Europe’s energy chief says he is not ruling out Russia's blocking natural gas flows to Europe in retaliation for Western sanctions related to fighting in Ukraine. European Energy Commissioner Guenther Oettinger was addressing what he called the “worst-case scenarios” for the region’s energy security this winter as tensions with Moscow escalate.

If that happens, the EU could see sweeping supply shortages and price hikes during the months it needs gas most, analysts say.

Oettinger made the statements on Tuesday at an event for Germany utility RWE in Brussels, Reuters reported. He accused Russian President Vladimir Putin of deceiving the Western world in its actions in Ukraine. Moscow in recent weeks has attempted to justify its military intervention there by claiming it is creating a “humanitarian corridor.” About 100 Ukrainian troops were killed recently after Russian troops opened fire on the corridor.

“That Putin would use false information, lies and weapons was beyond my imagination,” Oettinger said, Reuters reported. “That’s why I am not ruling out worst-case scenarios any more.”

Europe imported some 162 billion cubic meters of gas from Russian gas monopoly Gazprom OAO (MCX:GAZP) last year -- about one-third of Europe’s overall gas consumption. Roughly half the gas is piped through Ukraine, making supplies even more vulnerable to conflict. Oettinger is mediating talks between Moscow and Kiev to resolve a gas pricing row and avert a crippling supply cut this winter, Reuters noted.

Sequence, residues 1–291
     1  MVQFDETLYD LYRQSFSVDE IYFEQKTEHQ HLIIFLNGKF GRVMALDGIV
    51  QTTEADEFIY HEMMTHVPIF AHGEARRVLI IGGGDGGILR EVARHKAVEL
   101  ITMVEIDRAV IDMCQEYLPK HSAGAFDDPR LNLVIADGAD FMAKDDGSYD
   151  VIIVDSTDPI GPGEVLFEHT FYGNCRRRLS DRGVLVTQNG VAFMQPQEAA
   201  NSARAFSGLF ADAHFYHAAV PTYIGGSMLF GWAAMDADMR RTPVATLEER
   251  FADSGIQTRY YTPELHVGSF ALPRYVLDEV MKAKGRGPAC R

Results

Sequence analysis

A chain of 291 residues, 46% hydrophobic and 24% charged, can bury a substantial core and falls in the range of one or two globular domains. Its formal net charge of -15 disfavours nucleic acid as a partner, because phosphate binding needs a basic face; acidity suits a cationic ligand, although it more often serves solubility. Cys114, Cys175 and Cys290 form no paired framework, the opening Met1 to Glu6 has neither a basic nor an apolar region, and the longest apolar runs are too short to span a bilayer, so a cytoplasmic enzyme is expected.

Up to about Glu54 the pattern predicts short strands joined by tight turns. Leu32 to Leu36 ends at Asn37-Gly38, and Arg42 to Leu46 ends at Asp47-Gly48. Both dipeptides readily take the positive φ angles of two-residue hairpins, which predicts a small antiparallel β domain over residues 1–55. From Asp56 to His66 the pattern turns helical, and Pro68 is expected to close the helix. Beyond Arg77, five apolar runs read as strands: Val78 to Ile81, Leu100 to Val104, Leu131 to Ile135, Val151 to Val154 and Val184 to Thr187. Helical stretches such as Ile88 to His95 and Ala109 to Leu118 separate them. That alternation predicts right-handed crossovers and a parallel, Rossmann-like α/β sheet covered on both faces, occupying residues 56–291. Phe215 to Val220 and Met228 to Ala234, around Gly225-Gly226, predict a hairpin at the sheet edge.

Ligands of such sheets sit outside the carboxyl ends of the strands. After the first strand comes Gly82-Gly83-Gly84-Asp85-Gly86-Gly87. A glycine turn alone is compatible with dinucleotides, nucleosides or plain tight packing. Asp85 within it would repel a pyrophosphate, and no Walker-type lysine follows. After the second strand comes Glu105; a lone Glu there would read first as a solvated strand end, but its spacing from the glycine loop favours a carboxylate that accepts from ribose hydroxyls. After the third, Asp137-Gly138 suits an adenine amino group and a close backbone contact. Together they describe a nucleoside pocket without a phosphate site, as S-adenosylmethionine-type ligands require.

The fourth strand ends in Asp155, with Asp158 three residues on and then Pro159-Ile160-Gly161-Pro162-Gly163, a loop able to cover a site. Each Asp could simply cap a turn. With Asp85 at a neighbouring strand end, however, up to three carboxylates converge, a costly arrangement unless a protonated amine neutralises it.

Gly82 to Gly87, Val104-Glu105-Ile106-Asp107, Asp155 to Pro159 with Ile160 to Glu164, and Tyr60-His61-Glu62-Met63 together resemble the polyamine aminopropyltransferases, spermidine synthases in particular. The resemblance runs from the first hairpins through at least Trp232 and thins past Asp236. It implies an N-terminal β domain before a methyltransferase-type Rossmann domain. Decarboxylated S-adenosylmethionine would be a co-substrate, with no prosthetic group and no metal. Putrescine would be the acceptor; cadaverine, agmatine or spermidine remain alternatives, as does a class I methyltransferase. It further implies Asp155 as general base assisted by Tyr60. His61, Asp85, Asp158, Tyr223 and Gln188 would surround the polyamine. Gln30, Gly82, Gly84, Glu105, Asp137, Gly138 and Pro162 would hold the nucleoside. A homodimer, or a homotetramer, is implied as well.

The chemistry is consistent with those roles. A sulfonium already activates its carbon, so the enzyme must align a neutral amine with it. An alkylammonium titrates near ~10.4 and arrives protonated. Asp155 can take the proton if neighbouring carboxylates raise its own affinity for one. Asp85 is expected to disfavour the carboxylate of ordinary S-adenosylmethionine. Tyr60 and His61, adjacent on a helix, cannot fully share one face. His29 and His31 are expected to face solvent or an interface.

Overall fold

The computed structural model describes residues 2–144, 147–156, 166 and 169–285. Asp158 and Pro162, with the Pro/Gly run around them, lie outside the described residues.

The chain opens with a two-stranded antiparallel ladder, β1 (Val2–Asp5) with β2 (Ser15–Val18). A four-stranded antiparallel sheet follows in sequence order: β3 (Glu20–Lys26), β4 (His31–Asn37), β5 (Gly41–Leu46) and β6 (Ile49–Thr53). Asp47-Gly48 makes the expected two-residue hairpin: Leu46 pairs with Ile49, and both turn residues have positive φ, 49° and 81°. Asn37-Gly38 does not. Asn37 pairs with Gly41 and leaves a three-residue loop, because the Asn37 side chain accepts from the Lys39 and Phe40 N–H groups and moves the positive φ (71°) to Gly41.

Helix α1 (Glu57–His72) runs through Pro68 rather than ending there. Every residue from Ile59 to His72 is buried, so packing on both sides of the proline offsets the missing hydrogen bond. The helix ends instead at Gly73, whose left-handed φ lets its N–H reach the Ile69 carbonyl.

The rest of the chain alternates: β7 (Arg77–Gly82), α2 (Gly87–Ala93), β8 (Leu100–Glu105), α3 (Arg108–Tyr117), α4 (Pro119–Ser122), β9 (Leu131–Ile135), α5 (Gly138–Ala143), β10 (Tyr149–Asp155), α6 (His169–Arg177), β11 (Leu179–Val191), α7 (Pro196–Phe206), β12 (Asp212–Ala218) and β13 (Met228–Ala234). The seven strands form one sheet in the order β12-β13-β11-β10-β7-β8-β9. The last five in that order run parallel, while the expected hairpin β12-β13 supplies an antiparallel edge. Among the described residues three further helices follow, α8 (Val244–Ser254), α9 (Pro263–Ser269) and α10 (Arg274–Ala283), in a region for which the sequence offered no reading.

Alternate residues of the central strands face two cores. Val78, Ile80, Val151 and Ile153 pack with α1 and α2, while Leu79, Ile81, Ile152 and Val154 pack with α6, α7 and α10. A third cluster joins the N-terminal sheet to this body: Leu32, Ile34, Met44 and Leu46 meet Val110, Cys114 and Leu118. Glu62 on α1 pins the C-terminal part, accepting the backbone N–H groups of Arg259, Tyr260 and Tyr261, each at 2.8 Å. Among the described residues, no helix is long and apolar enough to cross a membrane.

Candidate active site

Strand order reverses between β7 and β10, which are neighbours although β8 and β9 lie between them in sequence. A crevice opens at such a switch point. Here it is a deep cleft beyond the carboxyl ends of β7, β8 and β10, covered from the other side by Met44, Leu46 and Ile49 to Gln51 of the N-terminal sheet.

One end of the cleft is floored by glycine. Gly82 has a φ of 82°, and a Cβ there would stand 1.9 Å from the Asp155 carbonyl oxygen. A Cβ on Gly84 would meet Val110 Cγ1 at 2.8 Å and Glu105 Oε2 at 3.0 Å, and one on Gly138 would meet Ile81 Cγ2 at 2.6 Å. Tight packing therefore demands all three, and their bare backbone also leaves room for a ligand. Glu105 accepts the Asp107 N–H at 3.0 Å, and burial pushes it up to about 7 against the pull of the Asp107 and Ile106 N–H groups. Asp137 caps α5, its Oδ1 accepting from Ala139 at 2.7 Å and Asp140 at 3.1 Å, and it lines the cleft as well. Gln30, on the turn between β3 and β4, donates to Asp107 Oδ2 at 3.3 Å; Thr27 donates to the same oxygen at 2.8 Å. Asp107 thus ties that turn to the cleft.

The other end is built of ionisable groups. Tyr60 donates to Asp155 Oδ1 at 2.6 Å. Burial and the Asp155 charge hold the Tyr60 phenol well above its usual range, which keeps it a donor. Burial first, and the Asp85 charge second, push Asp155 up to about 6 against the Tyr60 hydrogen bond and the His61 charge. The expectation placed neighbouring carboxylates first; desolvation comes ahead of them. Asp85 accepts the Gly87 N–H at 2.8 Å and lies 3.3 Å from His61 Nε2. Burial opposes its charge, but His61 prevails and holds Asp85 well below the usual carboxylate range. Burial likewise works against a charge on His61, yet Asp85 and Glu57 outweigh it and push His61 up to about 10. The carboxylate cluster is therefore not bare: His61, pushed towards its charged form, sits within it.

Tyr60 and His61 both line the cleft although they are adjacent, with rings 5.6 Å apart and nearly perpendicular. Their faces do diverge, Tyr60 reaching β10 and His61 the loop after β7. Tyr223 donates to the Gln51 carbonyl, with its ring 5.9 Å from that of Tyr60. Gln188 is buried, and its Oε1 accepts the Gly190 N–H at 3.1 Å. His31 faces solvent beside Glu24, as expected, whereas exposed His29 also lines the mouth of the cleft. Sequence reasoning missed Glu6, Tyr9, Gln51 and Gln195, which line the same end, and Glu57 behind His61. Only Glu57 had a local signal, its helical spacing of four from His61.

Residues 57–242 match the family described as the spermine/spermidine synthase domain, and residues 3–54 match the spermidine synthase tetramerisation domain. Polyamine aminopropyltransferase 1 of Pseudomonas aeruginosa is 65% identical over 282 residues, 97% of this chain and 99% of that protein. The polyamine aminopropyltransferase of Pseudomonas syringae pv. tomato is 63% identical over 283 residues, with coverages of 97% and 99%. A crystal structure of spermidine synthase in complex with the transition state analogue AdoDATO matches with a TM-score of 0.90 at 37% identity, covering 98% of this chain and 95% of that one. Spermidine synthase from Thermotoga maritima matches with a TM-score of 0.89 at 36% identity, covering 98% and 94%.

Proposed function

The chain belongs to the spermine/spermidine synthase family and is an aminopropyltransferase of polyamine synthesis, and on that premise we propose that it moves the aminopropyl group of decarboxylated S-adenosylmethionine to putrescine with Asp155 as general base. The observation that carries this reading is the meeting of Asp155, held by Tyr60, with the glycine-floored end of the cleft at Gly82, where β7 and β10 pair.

Morgan Stanley analysts warned this summer that Russia could decide to cut off Europe’s gas supplies in response to a strong package of U.S. and European sanctions aimed at ending Moscow’s support for the separatists.

Yet the EU has little by way of a backup plan if Russia turns off the pipes in the coming months, energy experts previously told International Business Times. The main reason is simply that alternative gas supplies are either unavailable or prohibitively expensive in the short term. “Currently from the sourcing perspective, it’s hard to substitute this gas” from Russia, Kurt Oswald, a Middle East partner at the global consultancy A.T. Kearney, said in a July interview.